2. There are so many benefits I have observed to having more children:
    -They tend to entertain each other. It’s not a massive break, but it takes some strain off.
    -They form a mini-society, so they get to practice all sorts of social behaviours among themselves, eliminating the immediate need for extra-familiar activities, making them leisure rather than a need.
    -They always seem less spoiled and more helpful, possibly because when they are selfish and stubborn nothing gets done and they later regret it.
    And of course the multiplication of the inherent fulfillment parents feel when they see their child learn, grow and become a proper little human.

    I can’t wait to start building our own giant family. :)


  3. My dad has four girls & i guess he is happy even he is not married to any of the four different mothers but he seems to be a proud father and grandfather.


  4. We did hope to have a bunch of kids. It was our vision. We had six and the oldest is 30 so maybe I can speak about it.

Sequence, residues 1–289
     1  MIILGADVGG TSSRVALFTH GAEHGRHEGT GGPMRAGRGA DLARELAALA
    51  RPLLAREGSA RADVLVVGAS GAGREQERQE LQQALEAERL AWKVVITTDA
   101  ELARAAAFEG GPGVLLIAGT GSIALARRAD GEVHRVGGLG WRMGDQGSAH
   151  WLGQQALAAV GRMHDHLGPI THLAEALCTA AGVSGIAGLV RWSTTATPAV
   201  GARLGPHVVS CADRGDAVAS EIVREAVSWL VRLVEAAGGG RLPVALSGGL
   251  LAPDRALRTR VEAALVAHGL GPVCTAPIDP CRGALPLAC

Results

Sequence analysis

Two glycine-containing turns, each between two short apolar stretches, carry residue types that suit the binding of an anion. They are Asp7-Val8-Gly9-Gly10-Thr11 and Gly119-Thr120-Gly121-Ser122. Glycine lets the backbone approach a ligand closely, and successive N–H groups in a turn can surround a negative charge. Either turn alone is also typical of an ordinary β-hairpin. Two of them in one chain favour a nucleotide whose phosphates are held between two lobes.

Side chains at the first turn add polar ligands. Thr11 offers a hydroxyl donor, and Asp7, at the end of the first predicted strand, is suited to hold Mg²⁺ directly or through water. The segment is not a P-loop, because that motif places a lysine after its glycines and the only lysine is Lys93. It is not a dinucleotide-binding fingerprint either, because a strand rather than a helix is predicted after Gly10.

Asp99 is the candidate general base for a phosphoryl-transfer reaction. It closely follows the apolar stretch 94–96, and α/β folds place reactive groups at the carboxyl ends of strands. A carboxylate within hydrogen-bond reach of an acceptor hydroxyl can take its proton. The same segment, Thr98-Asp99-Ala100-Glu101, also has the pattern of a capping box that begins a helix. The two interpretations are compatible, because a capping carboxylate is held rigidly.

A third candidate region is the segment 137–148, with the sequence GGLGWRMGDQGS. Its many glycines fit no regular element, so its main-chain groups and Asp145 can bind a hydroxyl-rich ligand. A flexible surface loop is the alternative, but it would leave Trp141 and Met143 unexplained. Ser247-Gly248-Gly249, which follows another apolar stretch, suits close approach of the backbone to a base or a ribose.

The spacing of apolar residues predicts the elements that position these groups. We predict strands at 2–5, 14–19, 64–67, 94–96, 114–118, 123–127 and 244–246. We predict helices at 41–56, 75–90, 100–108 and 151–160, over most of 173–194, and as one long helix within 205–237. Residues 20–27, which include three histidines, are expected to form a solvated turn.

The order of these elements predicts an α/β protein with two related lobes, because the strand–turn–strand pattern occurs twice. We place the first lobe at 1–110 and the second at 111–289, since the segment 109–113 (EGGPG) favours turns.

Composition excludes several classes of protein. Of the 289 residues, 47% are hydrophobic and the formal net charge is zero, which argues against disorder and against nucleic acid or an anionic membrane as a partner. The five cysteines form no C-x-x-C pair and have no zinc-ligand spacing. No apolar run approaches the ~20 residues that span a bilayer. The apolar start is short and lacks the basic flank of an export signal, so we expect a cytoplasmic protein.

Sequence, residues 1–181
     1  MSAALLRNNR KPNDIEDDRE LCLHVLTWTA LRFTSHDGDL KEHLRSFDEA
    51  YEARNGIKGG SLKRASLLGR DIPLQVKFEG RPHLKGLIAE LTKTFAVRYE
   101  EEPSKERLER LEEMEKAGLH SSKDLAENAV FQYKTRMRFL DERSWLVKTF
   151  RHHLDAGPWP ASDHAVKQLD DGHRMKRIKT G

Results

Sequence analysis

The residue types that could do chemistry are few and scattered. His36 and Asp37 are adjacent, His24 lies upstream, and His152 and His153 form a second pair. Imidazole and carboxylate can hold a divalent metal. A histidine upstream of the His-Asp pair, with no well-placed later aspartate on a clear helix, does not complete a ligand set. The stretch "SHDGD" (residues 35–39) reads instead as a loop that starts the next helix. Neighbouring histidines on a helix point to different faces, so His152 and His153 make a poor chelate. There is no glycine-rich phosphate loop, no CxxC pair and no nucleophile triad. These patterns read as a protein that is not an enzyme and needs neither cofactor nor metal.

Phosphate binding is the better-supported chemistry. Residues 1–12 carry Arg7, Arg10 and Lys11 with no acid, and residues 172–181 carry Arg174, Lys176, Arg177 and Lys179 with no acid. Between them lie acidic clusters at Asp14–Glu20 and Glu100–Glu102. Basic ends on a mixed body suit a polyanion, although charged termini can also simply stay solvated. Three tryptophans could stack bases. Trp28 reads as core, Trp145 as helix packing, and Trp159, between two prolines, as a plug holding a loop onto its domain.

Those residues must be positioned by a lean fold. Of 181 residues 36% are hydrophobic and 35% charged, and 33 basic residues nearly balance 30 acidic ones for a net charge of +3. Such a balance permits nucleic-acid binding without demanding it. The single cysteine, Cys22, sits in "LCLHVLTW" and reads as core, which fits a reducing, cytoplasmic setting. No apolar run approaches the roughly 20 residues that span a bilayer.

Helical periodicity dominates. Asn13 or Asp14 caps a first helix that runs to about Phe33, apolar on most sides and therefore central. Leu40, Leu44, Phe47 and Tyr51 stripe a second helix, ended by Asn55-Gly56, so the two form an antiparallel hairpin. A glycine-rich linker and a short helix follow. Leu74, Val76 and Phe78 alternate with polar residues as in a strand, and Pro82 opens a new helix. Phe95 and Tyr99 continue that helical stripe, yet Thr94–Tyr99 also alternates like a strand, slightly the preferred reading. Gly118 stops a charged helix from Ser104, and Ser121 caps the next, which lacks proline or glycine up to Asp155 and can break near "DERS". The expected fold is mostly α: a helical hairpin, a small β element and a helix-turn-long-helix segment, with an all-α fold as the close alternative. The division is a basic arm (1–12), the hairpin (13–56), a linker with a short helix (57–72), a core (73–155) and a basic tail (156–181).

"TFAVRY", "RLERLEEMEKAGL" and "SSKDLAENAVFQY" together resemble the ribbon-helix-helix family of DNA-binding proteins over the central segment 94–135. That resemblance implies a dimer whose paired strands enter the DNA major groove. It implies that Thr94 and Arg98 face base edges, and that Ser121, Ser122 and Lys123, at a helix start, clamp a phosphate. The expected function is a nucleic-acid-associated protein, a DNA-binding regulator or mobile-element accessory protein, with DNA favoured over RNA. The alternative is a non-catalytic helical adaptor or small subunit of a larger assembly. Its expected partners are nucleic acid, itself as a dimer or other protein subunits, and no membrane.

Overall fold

More is better! My children are very close, lifetime companions. I should add that we homeschooled and so they did not develop the mistrust of family relationships and distance encouraged at school. We were free to cultivate our own culture and all shared in common interests. Don’t worry…we also encouraged lots of pursuits outside of our home, pursuits based on each person’s interests.
    Some of the positives to large families:
    Self-centeredness is not fed and nurtured. Children live within a context where they are not necessarily the center of attention.
    Interdependence and accompanying humility is encouraged.
    Very importantly, one learns how to successfully live in a community. This is difficult for every person but it is training for going out into the various larger communities every person must live in.
    The cultivation of relationships is usually seen as a zero-sum thing in our one and two child, or child-free culture. But it doesn’t work that way. relationships are expansive; there is not a finite amount of relationship to be had. Love grows and multiplies. There is room and time for everyone.